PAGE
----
Date: Monday, May 1, 2017
Session Time: 6:00pm-7:00pm
Presentation Time: 6:00pm-7:00pm
Location: Hall D1
Purpose: Direct oral anticoagulants (DOAC) and calcineurin inhibitors (CNI) are both substrates of CYP 3A metabolism; therefore, the purpose of this study is to assess the incidence of major bleeding in solid organ transplant (SOT) recipients taking CNI with a DOAC compared to patients taking warfarin.
Methods: A single center retrospective, observational chart review was performed in SOT recipients taking a CNI for immunosuppression, who required oral anticoagulation for DVT, PE, or nonvalvular atrial fibrillation between May 2013 and November 2016. Patients were stratified into two groups: those taking a CNI and a DOAC versus those taking a CNI and warfarin. The primary endpoint was the incidence of major bleeding in a critical site, defined as a decrease in hemoglobin of ≥ 2 g/dL, requiring transfusion of at least two units of blood. Patients were excluded if they were < 18 years old, taking a DOAC for off-label use, taking warfarin for an indication that a DOAC does not have an indication for, had valvular atrial fibrillation, baseline platelet count < 50,000/microliter, baseline INR > 1.5, or warfarin goal INR other than 2-3.
Results: The primary endpoint was reached in 10.8% (4/37) of patients in the DOAC group and 5% (2/40) of patients in the warfarin group. Using a fisher's exact test, no statistical difference was found between the two groups (P=0.419). The primary site of bleeding in the 4 DOAC patients was pericardial (2/4), gastrointestinal (1/4), and genitourinary (1/4). In the warfarin group, 1 patient had a retroperitoneal bleed and 1 patient had a genitourinary bleed. In 50% of patients who met the primary outcome, major bleeding occurred after allograft biopsies. Demographics consisted of mainly Caucasian males (61%), heart transplants (43.8%), and the CNI tacrolimus (97.4%). DOACs used were as follows: apixaban (59.5%) and rivaroxaban (40.5%), with a dose reduction in 48.6%. Of the 48.6% DOAC dose reductions, 16.2% were done following manufacturer recommendations.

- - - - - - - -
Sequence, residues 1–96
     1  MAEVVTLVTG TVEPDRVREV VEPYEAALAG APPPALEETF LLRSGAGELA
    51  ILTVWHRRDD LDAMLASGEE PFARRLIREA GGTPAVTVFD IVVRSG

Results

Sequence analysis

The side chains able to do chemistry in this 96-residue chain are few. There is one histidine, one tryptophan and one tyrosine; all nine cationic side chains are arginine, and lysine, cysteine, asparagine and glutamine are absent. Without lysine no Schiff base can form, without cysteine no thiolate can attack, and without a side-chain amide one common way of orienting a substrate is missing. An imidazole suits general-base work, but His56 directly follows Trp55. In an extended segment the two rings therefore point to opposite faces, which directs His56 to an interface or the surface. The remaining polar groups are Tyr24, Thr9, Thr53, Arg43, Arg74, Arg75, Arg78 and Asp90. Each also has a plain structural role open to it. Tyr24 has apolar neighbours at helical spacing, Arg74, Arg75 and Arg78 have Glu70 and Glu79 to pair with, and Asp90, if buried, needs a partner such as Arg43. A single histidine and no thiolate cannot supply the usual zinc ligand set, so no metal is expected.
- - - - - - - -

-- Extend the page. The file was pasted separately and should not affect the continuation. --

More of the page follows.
Conclusion: In this retrospective chart review, we found no statistical difference in rates of major bleeding between SOT recipients taking a DOAC versus warfarin concomitantly with a CNI. It appears that the DOAC cohort did not experience excessive anticoagulation due to competition of drug metabolism with a CNI. However, further research is warranted to support this conclusion.
CITATION INFORMATION: Hazelcorn J, Yau R, Sabagha N, Moaddab M, Manson M. Risk of Major Bleeding in Solid Organ Transplant Recipients Taking Calcineurin Inhibitors Concomitantly with Direct Oral Anticoagulants Compared to Warfarin. Am J Transplant. 2017;17 (suppl 3).
To cite this abstract in AMA style:Hazelcorn J, Yau R, Sabagha N, Moaddab M, Manson M. Risk of Major Bleeding in Solid Organ Transplant Recipients Taking Calcineurin Inhibitors Concomitantly with Direct Oral Anticoagulants Compared to Warfarin. [abstract]. Am J Transplant. 2017; 17 (suppl 3). https://atcmeetingabstracts.com/abstract/risk-of-major-bleeding-in-solid-organ-transplant-recipients-taking-calcineurin-inhibitors-concomitantly-with-direct-oral-anticoagulants-compared-to-warfarin/. Accessed January 23, 2020.
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